Their objective is not to get called out of their stocks (in most cases), for they want to maintain the long term cost basis of their stocks going forward. If the stock prices rise more than they thought, they can manage, and normally do, the position by buying back the current short option and selling an option with a higher strike and longer expiration. As long as stock prices do not increase too far and too fast, this is a reasonable strategy.
This process causes volatility to decrease as the market rises. Out of the money call prices become cheaper from the selling, which transfers "long gamma" into the hands of short term traders. As these short term traders trade this newly sourced gamma, this causes "actual" volatility to drop.
The resulting dropping of option prices in the out of the money calls causes skew: out of the money calls are cheaper on an implied volatility basis than at the money calls, which have a lower supply.
If the market continues to rise and if the call selling has been large enough, the process of buying back near term lower strike calls and re-selling higher strike longer term calls can cause the market to grind even higher. But the skew remains because there is continued selling of out of the money calls.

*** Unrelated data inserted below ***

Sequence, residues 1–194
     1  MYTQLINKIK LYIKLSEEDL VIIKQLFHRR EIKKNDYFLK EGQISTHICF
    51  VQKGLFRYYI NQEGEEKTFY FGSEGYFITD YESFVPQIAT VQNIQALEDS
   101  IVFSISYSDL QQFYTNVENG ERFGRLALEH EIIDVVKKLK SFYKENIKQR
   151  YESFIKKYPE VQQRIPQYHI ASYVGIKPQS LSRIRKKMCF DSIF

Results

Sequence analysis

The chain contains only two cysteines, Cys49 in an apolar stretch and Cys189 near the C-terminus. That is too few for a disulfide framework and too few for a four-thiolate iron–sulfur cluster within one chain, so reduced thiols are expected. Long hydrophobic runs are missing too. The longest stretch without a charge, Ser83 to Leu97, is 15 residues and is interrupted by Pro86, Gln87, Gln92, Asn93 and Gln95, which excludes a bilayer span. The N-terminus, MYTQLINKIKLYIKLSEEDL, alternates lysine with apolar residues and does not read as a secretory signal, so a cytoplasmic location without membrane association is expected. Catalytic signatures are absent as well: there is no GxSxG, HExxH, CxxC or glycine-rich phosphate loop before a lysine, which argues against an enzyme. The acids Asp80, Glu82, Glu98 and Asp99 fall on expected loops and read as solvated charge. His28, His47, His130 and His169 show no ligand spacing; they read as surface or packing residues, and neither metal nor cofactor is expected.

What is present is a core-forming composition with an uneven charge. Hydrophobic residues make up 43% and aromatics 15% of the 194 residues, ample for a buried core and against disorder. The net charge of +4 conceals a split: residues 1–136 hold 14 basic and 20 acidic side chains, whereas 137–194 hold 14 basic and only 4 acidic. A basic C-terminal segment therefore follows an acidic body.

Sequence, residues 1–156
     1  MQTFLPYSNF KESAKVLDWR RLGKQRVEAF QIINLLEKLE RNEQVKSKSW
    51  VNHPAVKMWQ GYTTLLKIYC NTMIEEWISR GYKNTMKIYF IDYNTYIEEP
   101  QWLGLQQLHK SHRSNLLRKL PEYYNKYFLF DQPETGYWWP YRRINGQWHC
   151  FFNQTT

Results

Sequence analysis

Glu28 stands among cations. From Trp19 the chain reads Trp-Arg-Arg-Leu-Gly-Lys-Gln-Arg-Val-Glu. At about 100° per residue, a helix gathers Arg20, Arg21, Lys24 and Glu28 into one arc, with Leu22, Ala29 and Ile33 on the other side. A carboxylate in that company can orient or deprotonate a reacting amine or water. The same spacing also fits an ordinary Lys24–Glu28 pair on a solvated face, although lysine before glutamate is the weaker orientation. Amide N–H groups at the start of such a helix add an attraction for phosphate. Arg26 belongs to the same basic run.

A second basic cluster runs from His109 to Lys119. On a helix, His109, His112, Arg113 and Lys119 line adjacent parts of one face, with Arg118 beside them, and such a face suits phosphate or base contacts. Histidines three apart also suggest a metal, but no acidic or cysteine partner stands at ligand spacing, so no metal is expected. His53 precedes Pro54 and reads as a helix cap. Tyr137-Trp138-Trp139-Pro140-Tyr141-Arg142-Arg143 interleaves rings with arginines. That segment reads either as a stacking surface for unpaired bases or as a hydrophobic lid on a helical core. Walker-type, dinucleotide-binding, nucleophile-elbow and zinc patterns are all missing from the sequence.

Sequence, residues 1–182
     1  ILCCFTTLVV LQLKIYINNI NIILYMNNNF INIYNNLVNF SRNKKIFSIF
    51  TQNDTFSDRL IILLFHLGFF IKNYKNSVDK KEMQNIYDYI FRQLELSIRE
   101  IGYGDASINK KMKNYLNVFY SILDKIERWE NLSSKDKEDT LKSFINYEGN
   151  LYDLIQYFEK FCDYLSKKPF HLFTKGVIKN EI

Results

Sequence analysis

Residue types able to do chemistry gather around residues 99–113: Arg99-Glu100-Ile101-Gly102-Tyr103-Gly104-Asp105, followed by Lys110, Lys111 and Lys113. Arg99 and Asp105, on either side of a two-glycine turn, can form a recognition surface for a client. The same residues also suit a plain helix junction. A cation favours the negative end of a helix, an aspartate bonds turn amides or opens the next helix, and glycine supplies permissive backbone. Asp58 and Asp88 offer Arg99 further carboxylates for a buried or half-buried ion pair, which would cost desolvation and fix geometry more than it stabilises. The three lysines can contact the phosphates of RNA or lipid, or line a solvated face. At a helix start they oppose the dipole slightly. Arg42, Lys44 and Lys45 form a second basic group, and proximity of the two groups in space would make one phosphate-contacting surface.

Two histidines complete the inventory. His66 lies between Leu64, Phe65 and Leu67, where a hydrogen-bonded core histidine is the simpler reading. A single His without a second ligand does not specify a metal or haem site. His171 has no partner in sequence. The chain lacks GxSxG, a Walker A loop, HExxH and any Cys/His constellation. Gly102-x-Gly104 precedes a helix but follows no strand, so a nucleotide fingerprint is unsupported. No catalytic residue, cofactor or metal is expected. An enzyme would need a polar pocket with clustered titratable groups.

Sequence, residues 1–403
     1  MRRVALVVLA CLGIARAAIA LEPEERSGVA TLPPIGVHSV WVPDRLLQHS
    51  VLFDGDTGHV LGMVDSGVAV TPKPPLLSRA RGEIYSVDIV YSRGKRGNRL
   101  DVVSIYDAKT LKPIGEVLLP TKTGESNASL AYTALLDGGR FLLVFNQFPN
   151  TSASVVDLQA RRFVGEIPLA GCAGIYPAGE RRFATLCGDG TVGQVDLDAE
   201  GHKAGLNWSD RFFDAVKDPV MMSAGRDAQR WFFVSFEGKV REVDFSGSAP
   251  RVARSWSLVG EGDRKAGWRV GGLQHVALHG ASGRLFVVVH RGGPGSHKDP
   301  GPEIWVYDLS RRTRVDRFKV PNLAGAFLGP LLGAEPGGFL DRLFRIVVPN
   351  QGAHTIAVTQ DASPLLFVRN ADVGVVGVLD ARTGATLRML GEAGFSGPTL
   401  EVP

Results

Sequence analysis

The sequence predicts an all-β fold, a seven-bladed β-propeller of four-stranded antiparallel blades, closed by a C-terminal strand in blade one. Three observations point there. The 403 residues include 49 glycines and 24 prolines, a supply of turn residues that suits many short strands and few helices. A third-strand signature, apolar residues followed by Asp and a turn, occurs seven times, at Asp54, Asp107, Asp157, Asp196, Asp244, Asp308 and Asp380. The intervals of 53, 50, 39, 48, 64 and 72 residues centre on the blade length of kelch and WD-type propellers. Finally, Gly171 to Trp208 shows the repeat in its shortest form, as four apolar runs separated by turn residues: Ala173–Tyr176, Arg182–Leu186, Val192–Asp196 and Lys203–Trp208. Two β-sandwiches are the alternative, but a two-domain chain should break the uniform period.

This time it seems the process is a little different. There surely has been the selling of calls. But as the market has continued to climb, the over-writers seem to have just bought back the calls they were short and not re-shorted higher strikes. This has left the skew very flat on the upside.
So the process seems to have stopped, at least for now. The flat skew tells me that the over-writing process at this point is very small. Over-writers seem to be expecting more of a rally and are waiting for higher stock prices to begin again.
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